Blockchain development is a novelty in the tech world, but has been around long enough to see platforms such as Ethereum give birth to a myriad of decentralized applications. These dApps aim to solve some of the world’s problems, challenges, or to create new marketplaces.
Hyperledger is a blockchain project started by the Linux Foundation in January of 2016 as an enterprise-level development framework. This open-source collaboration has attracted the support of many leaders across various industries that want to utilize blockchain technology to facilitate interconnectivity between businesses.
The list is long!
Over 170 companies are part of Hyperledger in one way or another, participating either as premier, general, or associate members. There are many big names involved in this collaboration, such as, IBM, American Express, Cisco, Fujitsu, Intel, J.P. Morgan, Blockchain.info, and Huawei, just to name a few of the most popular.
These businesses have joined Hyperledger to create an enterprise-level open platform for distributed ledgers. They are supporting the project through various means but are receiving the opportunity to openly collaborate with industry peers and overcome the stifling grip of traditional competition. Developing this cross-industry platform will fundamentally change how business transactions are conducted across the world and will offer intrinsic value to both giants and smaller companies, so it’s no wonder they’ve managed to attract so much engagement.
Financially, premier members contribute $250,000 per year to get their membership. General members are contributing between $5,000 and $50,000 per year, depending on when they started supporting the collaboration.
Hyperledger has helped fuel the development of a range of blockchain applications focused primarily for businesses, most notably: distributed ledgers, smart contracts, GUIs, as well as client and utility libraries. Being open-source, Hyperledger enables the re-use of common applications, making it possible for independent companies to innovate on top of their platforms.
This modular platform is used to build, deploy, and run distributed ledgers. Sawtooth includes an innovative consensus algorithm called PoET (Proof of Elapsed Time), which is a resource-minimal validation system for large distributed networks.
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Ihora is a simple and easily usable blockchain framework for businesses that want to utilize distributed ledgers for their infrastructural projects. Iroha is coded in C++ with a focus on mobile application development, and features a unique Byzantine-fault tolerant consensus algorithm called “Sumeragi”.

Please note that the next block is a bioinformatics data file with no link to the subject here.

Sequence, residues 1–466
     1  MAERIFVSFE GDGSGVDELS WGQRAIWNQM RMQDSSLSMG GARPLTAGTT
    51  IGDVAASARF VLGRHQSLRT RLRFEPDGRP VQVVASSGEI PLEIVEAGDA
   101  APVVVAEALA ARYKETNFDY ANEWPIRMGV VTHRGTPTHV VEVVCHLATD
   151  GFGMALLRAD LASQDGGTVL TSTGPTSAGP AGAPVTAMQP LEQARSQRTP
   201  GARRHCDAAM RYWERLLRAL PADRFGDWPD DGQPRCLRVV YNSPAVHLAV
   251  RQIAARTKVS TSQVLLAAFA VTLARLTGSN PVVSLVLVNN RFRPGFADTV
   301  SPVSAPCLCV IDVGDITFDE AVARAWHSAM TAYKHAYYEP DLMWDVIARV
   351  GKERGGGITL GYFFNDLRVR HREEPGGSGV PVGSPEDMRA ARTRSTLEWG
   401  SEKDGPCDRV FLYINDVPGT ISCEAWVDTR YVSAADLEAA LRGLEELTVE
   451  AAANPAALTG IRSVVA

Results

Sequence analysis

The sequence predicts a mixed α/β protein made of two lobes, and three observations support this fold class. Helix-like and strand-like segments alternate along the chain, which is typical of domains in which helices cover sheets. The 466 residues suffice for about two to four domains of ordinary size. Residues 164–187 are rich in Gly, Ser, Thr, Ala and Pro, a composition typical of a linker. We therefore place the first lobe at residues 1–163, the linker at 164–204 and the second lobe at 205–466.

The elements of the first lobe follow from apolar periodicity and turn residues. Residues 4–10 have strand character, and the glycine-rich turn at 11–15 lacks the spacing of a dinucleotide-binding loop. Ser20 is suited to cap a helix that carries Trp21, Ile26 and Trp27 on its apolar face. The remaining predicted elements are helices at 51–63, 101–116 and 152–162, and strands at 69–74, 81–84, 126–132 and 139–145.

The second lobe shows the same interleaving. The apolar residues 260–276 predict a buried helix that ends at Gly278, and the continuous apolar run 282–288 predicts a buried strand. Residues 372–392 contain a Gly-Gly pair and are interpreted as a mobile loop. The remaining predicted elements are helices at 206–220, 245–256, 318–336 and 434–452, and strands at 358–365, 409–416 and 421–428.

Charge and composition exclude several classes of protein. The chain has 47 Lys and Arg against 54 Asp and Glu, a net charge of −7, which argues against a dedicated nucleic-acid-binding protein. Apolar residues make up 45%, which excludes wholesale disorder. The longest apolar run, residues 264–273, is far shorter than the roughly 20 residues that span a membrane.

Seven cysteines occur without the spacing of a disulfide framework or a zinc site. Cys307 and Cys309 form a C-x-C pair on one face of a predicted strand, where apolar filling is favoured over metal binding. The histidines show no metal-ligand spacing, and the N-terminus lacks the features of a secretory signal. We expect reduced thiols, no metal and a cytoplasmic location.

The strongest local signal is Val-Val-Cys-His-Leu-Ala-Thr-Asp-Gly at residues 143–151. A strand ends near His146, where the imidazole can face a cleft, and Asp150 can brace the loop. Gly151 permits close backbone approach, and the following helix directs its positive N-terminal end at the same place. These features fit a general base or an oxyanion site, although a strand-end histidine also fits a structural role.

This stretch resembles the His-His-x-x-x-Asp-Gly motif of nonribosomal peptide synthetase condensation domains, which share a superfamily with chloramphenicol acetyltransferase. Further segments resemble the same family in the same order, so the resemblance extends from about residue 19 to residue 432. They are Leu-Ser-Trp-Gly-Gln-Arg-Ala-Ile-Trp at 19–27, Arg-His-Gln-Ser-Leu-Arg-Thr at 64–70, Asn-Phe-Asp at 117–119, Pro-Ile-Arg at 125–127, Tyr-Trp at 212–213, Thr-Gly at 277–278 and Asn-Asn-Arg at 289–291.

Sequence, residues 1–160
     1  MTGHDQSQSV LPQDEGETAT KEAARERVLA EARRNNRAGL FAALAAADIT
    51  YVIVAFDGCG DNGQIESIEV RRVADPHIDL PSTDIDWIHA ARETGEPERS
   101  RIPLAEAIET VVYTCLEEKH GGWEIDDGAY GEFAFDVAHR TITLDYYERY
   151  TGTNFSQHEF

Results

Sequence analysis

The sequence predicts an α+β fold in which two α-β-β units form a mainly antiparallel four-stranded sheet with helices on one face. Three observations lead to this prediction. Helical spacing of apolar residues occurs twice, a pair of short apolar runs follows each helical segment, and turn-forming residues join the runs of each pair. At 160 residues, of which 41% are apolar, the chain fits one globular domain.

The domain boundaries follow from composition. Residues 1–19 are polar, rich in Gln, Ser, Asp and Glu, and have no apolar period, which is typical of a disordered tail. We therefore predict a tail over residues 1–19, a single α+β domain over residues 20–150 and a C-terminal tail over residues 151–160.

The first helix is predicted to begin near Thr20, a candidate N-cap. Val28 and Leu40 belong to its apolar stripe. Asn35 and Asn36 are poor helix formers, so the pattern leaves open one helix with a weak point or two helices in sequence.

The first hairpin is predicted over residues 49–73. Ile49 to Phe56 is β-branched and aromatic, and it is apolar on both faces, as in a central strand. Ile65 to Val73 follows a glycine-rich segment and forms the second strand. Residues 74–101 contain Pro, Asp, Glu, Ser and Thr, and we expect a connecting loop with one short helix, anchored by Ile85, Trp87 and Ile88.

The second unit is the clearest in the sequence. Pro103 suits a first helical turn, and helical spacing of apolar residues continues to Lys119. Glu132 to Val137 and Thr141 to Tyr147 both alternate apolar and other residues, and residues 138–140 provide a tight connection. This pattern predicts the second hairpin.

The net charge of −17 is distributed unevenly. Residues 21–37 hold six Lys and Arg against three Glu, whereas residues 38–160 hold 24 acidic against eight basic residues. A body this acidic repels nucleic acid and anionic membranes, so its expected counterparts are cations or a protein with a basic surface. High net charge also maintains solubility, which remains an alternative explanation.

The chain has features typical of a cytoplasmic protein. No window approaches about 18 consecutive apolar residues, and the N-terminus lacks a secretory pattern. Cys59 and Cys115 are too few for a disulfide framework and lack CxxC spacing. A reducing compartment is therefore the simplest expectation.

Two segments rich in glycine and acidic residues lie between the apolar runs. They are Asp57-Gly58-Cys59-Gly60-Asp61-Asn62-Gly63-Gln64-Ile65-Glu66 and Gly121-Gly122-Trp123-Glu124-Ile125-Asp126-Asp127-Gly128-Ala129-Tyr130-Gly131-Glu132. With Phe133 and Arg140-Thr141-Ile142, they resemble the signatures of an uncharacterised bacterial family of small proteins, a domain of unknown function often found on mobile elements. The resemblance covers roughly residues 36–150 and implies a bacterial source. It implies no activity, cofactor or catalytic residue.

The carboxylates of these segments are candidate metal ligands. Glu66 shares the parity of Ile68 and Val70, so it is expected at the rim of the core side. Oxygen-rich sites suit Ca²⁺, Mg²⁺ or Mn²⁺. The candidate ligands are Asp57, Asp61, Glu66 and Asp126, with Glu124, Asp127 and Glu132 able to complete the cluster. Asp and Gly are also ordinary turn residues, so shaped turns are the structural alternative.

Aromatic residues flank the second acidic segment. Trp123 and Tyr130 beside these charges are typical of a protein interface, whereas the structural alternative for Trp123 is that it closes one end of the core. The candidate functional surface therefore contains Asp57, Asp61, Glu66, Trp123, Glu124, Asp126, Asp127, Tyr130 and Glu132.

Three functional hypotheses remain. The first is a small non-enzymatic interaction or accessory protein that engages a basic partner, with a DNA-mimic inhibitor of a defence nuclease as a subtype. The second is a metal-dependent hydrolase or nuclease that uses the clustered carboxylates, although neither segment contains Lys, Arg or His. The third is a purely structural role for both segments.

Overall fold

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One of the most popular projects to be developed by the Hyperledger collaboration, Fabric allows companies to use ready-made solutions and simply connect the parts needed for their particular scenario.
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Companies and organizations that rely on a set of permissions, such as law enforcement or brokerage firms, can take advantage of Burrow as a way to implement a blockchain solution without compromising the authority-based decision making process. Just like Fabric, this is a modular plug and play framework that promises a short production cycle.
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Indy is a very interesting project that provides an array of tools, reusable components, and libraries for businesses that require personal identification to function. Using Indy, companies can transfer their databases to a blockchain or another form of distributed ledger. With this solution, they can get the complete benefits of having their data stored in a decentralized manner, i.e. immutability, transferability, and accessibility.
Although Indy is still in development, it is expected to be implemented into industries such as loyalty programs, clubs, and membership-based businesses as soon as it is available.
Following blockchain’s success with Bitcoin, the conversation to implement distributed ledgers and smart contracts to important industries started, and it kept going.
As of now, there are many different solutions being developed, implemented, and used on a regular basis that are not related to the financial sector. Digital assets come in many different forms and can be used to secure ownership, as voting power, certificates, and any other human interaction that requires proof.
Who is Hyperledger for?
In short, it is a framework designed to be used by businesses to make their operation run smoother by easily implementing blockchain technologies.
It is most useful for developers, but also business owners and managers. Developers can use it to implement a solution that will save time, or lower costs for their company, while managers benefit by planning more effective solutions with the Hyperledger platform.
The knowledge of a technological asset is just as important as the ability to apply it. Many businesses could be completely reshaped by blockchain technology if it was utilized to its full potential.
A free course is being offered by the Linux Foundation (through edx.org) that teaches how to build blockchain applications using Hyperledger technologies. It can be used to learn more about Hyperledger and also to get some hands-on experience using the development framework.
Are you working in an industry that can benefit from implementing a Blockchain solution?
If you’ve been roaming around the crypto/blockchain ecosystem, you have undoubtedly thought of ways of implementing this technology into a company that you own, or work for. How would you utilize a blockchain infrastructure to improve your business process?
Let us know in the comments below, we would love to hear your ideas!
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